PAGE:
Wireless terminals vary and support different authentication and encryption modes. To enable terminals of various types to access the network and facilitate network management, you can configure WPA and WPA2 simultaneously on the device. If the security policy is set to WPA-WPA2, any terminal that supports WPA or WPA2 can be authenticated and access the WLAN; if the encryption mode is set to TKIP-AES, any authenticated terminal that supports TKIP or AES can implement service packet encryption.

Procedure

  1. Run:

    system-view

    The system view is displayed.

  2. Run:

    wlan

    The WLAN view is displayed.

  3. Run:

    security-profile name profile-name

    The security profile view is displayed.

  4. Run:

    security { wpa | wpa2 | wpa-wpa2 } dot1x { aes | tkip | aes-tkip }, or security wpa-wpa2 dot1x tkip aes

    The security policy is set to WPA/WPA2-802.1x.

    An authentication profile must be configured for 802.1x access authentication. For details, see Configuring NAC.

    The authentication type in the security profile and authentication profile must both be set to 802.1x authentication. You can run the display wlan config-errors command to check whether error messages are generated for authentication type mismatch between the security profile and authentication profile.

  5. (Optional) Run:

    wpa ptk-update enable

    Periodic PTK update is enabled.

    By default, periodic PTK update is disabled.

    NOTE:

    When periodic PTK update is implemented, some STAs may encounter service interruptions or go offline due to individual problems.

  6. (Optional) Run:

    wpa ptk-update ptk-update-interval ptk-rekey-interval

    The PTK update interval is configured.

    By default, the interval for updating PTKs is 43200 seconds.

  7. (Optional) Run:

    pmf { optional | mandatory }

    The PMF function is configured.

    By default, the PMF function is disabled for a VAP.

    The authentication mode WPA2 and encryption mode AES are required.

Configuring WAPI-PSK

Context

WAPI allows only robust security network association (RSNA), providing higher security than WEP or WPA/WPA2.

WAPI-PSK applies to home networks or small-scale enterprise networks. No additional certificate system is required.

WAPI defines a dynamic key negotiation mechanism, but there are still security risks if a STA uses the same encryption key for a long time. Both the unicast session key (USK) and multicast session key (MSK) have a lifetime. The USK or MSK needs to be updated when its lifetime ends. To enhance security, WAPI provides the time-based key update mechanism.

Procedure

  1. Run:

    system-view

    The system view is displayed.

  2. Run:

    wlan

    The WLAN view is displayed.

  3. Run:

    security-profile name profile-name

    The security profile view is displayed.

  4. Run:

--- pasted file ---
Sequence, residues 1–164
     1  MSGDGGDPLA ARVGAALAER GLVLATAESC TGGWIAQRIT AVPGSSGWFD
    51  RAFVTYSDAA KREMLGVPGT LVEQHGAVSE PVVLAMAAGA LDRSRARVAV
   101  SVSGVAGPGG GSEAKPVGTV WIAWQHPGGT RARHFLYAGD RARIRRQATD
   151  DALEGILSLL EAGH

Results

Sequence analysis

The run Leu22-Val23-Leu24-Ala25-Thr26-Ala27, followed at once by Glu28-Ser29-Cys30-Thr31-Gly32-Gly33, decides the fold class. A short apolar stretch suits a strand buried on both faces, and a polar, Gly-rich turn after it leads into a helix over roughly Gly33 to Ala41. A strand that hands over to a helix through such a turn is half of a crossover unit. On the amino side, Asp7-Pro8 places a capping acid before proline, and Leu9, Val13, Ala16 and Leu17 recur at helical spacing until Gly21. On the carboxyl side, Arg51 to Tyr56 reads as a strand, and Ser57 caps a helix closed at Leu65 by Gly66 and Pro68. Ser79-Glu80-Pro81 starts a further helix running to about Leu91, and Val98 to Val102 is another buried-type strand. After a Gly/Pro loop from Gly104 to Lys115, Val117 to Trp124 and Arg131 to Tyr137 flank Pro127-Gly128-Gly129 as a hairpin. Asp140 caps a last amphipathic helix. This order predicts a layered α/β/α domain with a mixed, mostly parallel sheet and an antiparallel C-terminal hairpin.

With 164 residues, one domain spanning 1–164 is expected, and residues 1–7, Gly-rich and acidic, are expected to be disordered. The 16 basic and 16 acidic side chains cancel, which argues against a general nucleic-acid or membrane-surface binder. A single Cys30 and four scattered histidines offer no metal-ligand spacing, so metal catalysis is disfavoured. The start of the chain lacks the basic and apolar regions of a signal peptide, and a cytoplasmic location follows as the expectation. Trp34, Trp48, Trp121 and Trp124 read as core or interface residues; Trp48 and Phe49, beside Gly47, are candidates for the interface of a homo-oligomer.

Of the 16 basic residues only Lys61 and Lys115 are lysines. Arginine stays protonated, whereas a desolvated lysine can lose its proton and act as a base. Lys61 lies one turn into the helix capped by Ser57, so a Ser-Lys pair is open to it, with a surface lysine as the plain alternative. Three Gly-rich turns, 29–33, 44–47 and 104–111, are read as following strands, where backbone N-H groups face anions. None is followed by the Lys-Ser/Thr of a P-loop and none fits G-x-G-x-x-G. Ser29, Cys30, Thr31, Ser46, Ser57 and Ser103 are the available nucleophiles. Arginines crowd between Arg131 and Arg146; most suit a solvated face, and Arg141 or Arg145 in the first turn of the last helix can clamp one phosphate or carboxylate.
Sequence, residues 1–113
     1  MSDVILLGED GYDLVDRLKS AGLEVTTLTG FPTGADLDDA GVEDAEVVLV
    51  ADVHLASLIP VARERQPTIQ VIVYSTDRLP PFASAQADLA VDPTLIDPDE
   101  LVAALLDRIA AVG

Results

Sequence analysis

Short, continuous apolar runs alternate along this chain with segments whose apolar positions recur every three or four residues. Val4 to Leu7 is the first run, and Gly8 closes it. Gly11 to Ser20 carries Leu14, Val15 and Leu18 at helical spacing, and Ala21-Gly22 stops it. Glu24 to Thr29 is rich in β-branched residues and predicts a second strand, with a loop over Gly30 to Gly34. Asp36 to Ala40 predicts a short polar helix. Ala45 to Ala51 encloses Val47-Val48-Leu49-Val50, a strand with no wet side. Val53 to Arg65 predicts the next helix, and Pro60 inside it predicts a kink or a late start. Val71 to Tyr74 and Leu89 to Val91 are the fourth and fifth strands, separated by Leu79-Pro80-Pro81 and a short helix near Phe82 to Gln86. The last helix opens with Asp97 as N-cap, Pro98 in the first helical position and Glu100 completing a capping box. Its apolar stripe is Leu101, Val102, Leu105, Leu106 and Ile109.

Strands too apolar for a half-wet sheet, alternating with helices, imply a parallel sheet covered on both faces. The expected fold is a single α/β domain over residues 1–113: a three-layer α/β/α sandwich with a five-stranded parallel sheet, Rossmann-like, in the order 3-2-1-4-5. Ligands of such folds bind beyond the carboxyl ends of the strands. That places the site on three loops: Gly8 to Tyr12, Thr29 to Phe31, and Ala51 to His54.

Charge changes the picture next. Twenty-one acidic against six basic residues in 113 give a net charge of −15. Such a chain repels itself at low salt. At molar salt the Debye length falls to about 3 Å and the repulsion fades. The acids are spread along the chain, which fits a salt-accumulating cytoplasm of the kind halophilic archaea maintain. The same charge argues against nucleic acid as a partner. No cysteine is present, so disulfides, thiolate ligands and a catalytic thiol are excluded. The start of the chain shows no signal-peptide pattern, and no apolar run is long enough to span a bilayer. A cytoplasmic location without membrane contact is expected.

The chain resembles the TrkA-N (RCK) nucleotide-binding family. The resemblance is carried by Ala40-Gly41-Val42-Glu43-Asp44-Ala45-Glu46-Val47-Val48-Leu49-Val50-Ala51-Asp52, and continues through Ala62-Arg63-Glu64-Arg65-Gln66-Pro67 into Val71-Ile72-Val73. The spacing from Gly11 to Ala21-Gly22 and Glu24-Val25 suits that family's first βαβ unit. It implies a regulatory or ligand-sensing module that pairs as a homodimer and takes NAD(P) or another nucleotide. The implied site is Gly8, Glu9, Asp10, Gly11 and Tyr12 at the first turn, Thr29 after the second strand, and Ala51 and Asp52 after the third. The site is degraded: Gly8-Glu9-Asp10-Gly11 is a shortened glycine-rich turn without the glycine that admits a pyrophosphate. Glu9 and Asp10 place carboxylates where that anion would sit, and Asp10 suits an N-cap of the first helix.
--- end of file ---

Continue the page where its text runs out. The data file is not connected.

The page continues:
security wapi psk { pass-phrase | hex } key-value

    The security policy is set to WAPI-PSK.

  5. (Optional) Run:

    wapi { bk-threshold bk-threshold | bk-update-interval bk-update-interval }

    The interval for updating a Base Key (BK) and the BK lifetime percentage are set.

    The value obtained by multiplying the interval for updating a BK by the BK lifetime percentage should be greater than or equal to 300 seconds. If the interval for updating a BK is less than 300s, the BK may be updated before negotiation is complete due to low STA performance. In this case, some STAs may be forced offline or cannot go online.

    By default, the interval for updating a BK is 43200s, and the BK lifetime percentage is 70%.

  6. (Optional) Run:

    wapi sa-timeout sa-time

    The timeout period of a security association is set.

    By default, the timeout period for a SA is 60s.

    If a STA is not authenticated within the timeout period, no SA is established and the STA cannot go online.

  7. (Optional) Run:

    wapi { usk | msk } key-update { disable | time-based }

    The WAPI USK or MSK update mode is set.

    By default, USKs and MSKs are updated based on time.

  8. (Optional) Run:

    wapi { usk-update-interval usk-interval | usk-retrans-count usk-count }

    The interval for updating a USK, and number of retransmissions of USK negotiation packets are set.

    By default, the interval for updating a USK is 86400s; the number of retransmissions of USK negotiation packets is 3.

  9. (Optional) Run:

    wapi { msk-update-interval msk-interval | msk-retrans-count msk-count }

    The interval for updating an MSK, and number of retransmissions of MSK negotiation packets are set.

    By default, the interval for updating an MSK is 86400s; the number of retransmissions of MSK negotiation packets is 3.

Configuring WAPI-Certificate

Context

WAPI allows only robust security network association (RSNA), providing higher security than WEP or WPA/WPA2.

WAPI-PSK applies to large-scale enterprise networks or carrier networks that can deploy and maintain an expensive certificate system.

WAPI uses X.509 V3 certificates encoded in Base64 binary mode and saved in PEM format. The X.509 V3 certificate file has the name extension .cer. Before importing a certificate for WAPI, ensure that the certificate file is saved in the root directory of the storage medium.